Once you understand the science behind HVAC, you can better understand how your home is heated and cooled.
If you liked science class, then you might remember Newton’s Third Law of Motion: For every action, there is an equal and opposite reaction. A simple example of this law of motion is paddling in a canoe. While the paddle pushes water in one direction, the canoe moves in the opposite direction.
There is a similar law of equality in the science that fuels HVAC: thermodynamics. The first law of thermodynamics states that heat is a form of energy, and energy can neither be created nor destroyed. Let’s break that down.
Energy always has to come from somewhere. When you boil water on the stove, it doesn’t happen magically. To simplify, energy is transferred from the stove to the pot, and then from the pot to the water. Energy is just transferring around from one set of atoms to another.
Now, let’s take it a step further. The second law of thermodynamics states that energy will always strive for equilibrium. In other words, energy is always trying to even itself out amongst everything in its direct surroundings. Think of dropping water onto a sponge: the water will continuously seep into a sponge and the water will eventually evenly dampen the area.
So, how does this work for air? Remember that everything on Earth: your furniture, your cell phone, and even your own human body–it’s all made up of atomic molecules. Air, too, is made of up of atoms. With that in mind, let’s go back to our boiling water example.
The boiling water in our pot will generate steam. Steam on its own is hot–but it doesn’t stay in a cloud of steam forever. It seeks equilibrium–and although you can’t see it with your eyes, the steam is constantly transferring energy with the cooler air around it. So your kitchen area will get warmer.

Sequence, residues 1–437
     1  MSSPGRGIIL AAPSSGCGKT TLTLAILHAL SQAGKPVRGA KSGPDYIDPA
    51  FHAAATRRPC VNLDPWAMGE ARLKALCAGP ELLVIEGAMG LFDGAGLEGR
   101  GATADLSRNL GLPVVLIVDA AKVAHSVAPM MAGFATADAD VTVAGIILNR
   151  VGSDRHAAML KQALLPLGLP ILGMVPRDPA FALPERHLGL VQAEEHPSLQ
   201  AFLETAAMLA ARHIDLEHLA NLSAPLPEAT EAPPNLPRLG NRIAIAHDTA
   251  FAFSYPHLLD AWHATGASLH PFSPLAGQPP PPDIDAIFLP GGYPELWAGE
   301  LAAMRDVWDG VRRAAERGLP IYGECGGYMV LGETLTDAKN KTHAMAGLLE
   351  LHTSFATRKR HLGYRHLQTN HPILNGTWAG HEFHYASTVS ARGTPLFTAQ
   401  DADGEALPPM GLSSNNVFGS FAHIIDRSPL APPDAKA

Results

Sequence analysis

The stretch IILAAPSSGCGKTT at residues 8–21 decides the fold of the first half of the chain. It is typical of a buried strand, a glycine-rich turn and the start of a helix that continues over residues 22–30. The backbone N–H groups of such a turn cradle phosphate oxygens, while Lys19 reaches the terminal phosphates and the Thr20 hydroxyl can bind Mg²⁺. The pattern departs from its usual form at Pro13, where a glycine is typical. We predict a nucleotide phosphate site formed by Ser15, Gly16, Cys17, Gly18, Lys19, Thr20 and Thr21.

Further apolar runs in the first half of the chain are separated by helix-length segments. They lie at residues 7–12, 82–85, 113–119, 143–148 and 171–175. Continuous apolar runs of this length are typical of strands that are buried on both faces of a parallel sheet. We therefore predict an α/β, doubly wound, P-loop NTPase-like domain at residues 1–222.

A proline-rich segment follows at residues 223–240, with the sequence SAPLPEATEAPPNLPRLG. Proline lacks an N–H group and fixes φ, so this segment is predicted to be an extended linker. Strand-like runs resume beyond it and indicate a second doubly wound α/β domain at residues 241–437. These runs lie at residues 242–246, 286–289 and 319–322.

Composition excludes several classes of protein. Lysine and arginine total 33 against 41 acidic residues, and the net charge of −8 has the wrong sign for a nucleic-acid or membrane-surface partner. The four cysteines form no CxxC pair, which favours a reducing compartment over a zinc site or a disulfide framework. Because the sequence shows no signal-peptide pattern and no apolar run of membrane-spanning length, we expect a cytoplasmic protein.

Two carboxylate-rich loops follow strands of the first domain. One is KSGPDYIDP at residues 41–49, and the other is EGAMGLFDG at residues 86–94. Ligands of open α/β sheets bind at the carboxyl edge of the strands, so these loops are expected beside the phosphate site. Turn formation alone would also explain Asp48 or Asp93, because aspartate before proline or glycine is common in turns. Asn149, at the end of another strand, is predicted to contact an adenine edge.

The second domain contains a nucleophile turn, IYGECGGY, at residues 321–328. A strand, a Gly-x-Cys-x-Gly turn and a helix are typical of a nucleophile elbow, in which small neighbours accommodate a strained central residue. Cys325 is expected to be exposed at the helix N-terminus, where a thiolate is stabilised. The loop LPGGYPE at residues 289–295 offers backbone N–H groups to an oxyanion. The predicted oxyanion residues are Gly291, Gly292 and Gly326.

A reverse example of this is taking the boiling water off of the stove.
When the water gets cool, it’s not losing heat–it’s just transferring it! Energy is still being transferred, but instead of from the hot stove to the pot, the energy transfer is happening from the stove to the surrounding air.
Energy is transferred until there is equilibrium: the pot and water inside are room temperature because the heat they once contained has been transferred to the surrounding air.
Now you have plenty of knowledge about thermodynamics. You can now smartly explain lots of phenomena. At your next meeting you can tell your coworker, “Your coffee isn’t getting cold, it’s just transferring energy!”
Cold air and warm air have the same number of molecules. As cold air gets warmer, the individual molecules that make up the air start moving away from each other. This makes the air less dense.
Molecules will naturally move through a space, with cold, denser air molecules near the floor and the hot, less dense air molecules will rise to the ceiling.
By the way, this is why steam rises away from a cup of tea. The steam is less dense than the relatively cooler air around it.
If you’re following along so far you may be wondering, if energy is constantly trying to make itself even, why is it cool and comfortable in one space and hot in another? In fact, if the laws above are true, shouldn’t the whole world and everything in it be the exact same temperature?
These scientific laws are based on perfectly isolated or “closed” systems. A perfect, closed system does not truly exist. An example of a nearly-closed system would be a pot of boiling water with a lid on it. The water inside is a closed system. However, even a lid seeps some of the steam a little. And, the water inside is still reacting with the pot. The pot is still reacting with the surrounding air.
It’s also true in your house. A closed door to a bedroom creates a more closed system–keeping the energy transfer mostly happening within the space. If all doors and windows in your house are open… Well, that’s a very open system, because now the outdoors is part of the system!
The good news is, professionals in HVAC science are trained to understand–and anticipate–how systems change.
The above explanation of thermodynamics has been simplified. If you want more, consider auditing a course on the subject! As for now, you are one step closer to truly understanding how HVAC systems work.